Wed, May 15, 2019, 1:31pm (UTC -5)
Re: DS9 S4: Broken Link

@Chrome -- thanks! Regarding your devil's advocate: but "A Simple Investigation" takes place when Odo's a solid, and he's *completely* solidified, so that he also eats, drinks, sleeps, etc. -- all the physical things that he doesn't do as a changeling. So the ambiguities that come with him being a changeling or an alien are no longer relevant.

@Peter, just to add one more thing, you're right of course that aliens in Trek are usually only so alien and are usually humans except for one or two quirks. It's really because Odo 1) has been established as being physically ill-at-ease in his body, 2) IIRC denied having romantic feelings for anyone at all before the Kira thing started, 3) IIRC again has never shown any sexual feelings for anyone besides Kira that I think it's quite legitimate to argue that boxing Odo into a "default sexuality" at this point in the series is a new development and then to question whether it removes some of what's interesting and unique about Odo. This is I think an area where they have already *established* Odo as being different from other humanoids, at least in his own description. He is perhaps in denial about that, but it's an issue that has in some ways come up. It's not like arguing that Odo shouldn't be able to speak English because we don't know how his tongue works.
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William B
Wed, May 15, 2019, 1:23pm (UTC -5)
Re: DS9 S4: Broken Link

@Peter,

Good points. But two things:

1. Odo has said that he doesn't eat because the results were "messy." That's neither here nor there.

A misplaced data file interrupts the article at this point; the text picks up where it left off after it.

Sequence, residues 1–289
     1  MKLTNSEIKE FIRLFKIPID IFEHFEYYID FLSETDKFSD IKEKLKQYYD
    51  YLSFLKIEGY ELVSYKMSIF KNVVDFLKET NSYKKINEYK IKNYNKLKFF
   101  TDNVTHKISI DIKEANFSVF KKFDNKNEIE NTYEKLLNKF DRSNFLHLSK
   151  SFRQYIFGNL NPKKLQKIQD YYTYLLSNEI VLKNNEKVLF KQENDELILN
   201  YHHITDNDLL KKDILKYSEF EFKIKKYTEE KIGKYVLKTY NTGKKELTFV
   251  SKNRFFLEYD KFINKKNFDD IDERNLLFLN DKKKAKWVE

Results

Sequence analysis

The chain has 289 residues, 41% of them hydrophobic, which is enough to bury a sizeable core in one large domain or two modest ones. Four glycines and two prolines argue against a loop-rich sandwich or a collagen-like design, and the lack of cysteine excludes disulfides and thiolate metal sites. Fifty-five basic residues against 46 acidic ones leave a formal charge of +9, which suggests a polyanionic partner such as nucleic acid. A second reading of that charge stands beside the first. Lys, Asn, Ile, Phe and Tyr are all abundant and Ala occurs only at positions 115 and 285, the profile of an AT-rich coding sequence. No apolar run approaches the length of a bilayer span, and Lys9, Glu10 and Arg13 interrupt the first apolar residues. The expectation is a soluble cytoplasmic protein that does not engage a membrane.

2. Odo's attraction to Kira: I feel like it's worth pausing here. I might be misunderstanding. But up to this point in the series, do we know his attraction to her is definitely *sexual*? I know I said earlier that there is a sexual component, and I think there probably is. But I also don't know how well we can distinguish between different kinds of needs and feelings. Odo is jealous of Kira's sexual relationship with Bareil and Shakaar, but that does not necessarily mean he has the same feelings for her that they do. What Odo really wants of Kira seems to me to be intimacy and closeness. As I said earlier, that is something humans can do through sexual intercourse, but it's not the only way. I'd argue that what Odo *really wants* is to Link with Kira, which is of course impossible. Of course the Link is also partly a sexual metaphor -- but it's still distinct, and the meaning of gender is irrelevant with regards to the Link itself. I can see how his desire is also probably a sexual desire. I am trying to think whether there were any scenes in which Odo's feelings for Kira were distinctly sexualized -- him staring at her breasts or whatever. I don't think they ever did, and again the closest seems to be his clear jealousy of her sex with Shakaar. But even this is not *quite* the same as him having a "normal" set of sexual feelings for Kira. One could argue that there's a certain limitation that a 90's Trek show isn't going to have Odo ogling Kira and having a visible erection, and that's certainly true, but that still means that I don't think the show had conclusively established that Odo is necessarily wired in a precisely sexual adult male way. Again I'm not arguing that he definitely *isn't* wired that way. What I mean is that the show has been ambiguous in certain respects, and has also made clear at other times that his body is not like other people's bodies.